If you ask me what it is about cloudforests that captivates me, I would have to say it’s their drama. Rainforests are flat. There’s very little sense of their scale, their enormity, unless you’re flying over them in a plane, or up a jungle lodge’s canopy tower. Cloudforests, on the other hand, cloak the most precipitous gradients imaginable, tumbling hundreds upon hundreds of meters in the space of a few kilometers. The views on clear days never fail to take your breath away.
Turning a corner, cascades and waterfalls will unexpectedly thread through a mass of leaf, bark and branch, leading not to the lumbering Brown serpents of the rainforest below, but to torrents of White water which carry everything before them in a roaring, electrifying tumult. The mountain slopes of the Northwest cool the warm breezes blown in from the Pacific seaboard, chilling the air and condensing its invisible water molecules. Mists and clouds envelop their flanks, constantly re-arranging, transforming, calling one to look again.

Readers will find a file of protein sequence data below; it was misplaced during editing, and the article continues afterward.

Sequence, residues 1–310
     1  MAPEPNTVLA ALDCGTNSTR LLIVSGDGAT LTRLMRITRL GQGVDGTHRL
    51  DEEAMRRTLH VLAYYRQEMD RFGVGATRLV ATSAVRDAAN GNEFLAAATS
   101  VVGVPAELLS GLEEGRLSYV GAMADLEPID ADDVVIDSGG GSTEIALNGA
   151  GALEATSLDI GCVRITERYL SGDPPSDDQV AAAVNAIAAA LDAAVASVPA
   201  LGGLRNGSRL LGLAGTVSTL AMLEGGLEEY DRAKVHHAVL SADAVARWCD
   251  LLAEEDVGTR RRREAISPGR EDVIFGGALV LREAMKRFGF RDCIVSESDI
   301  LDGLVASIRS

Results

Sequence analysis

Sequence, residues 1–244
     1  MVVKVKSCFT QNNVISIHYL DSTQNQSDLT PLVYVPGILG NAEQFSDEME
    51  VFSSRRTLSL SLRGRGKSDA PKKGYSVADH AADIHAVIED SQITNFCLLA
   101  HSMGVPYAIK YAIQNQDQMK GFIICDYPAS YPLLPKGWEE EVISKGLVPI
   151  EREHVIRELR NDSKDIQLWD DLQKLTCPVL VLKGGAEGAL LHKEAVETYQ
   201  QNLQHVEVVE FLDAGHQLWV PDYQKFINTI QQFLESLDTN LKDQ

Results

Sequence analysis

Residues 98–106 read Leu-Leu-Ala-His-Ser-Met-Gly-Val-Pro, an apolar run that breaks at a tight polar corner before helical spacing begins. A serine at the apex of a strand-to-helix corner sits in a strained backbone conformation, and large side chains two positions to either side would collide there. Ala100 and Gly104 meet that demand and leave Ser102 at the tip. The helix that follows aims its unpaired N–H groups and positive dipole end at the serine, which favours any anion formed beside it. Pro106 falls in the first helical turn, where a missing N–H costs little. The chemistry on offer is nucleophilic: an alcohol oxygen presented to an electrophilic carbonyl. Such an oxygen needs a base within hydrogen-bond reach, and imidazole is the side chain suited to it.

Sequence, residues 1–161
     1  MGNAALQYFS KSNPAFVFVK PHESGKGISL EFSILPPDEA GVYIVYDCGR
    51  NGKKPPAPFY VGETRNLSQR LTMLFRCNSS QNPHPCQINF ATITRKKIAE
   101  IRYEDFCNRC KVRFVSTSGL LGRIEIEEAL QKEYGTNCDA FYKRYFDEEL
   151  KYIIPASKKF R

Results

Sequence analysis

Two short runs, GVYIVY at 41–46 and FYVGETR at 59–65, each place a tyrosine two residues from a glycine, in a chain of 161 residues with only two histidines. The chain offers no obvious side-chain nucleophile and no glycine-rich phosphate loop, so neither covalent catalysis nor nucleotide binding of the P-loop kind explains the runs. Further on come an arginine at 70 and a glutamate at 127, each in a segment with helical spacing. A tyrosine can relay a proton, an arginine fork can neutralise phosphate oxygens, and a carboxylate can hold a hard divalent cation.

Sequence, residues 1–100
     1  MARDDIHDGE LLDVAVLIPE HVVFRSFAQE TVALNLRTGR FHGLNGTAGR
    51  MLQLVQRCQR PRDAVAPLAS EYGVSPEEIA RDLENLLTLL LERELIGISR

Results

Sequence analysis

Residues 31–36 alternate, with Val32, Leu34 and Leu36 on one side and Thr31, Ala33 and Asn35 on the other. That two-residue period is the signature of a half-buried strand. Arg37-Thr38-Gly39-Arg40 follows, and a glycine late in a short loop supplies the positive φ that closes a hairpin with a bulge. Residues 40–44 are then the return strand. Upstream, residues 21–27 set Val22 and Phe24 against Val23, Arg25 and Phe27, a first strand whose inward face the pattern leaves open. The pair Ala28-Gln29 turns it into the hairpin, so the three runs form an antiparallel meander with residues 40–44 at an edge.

Observing the clouds form and dissipate— where do they come from and where do they go?— is like watching Creation at work before one’s very eyes. To one’s delight the invisible becomes magically visible, the wind itself takes form, shape.
It really does feel like a magician’s trick. An atomic abracadabra. From nothing to something, from the perceived to the observed. All orchestrated by this giant cloud machine, endless, continuous, cyclical and eternal – so long as the forest stands.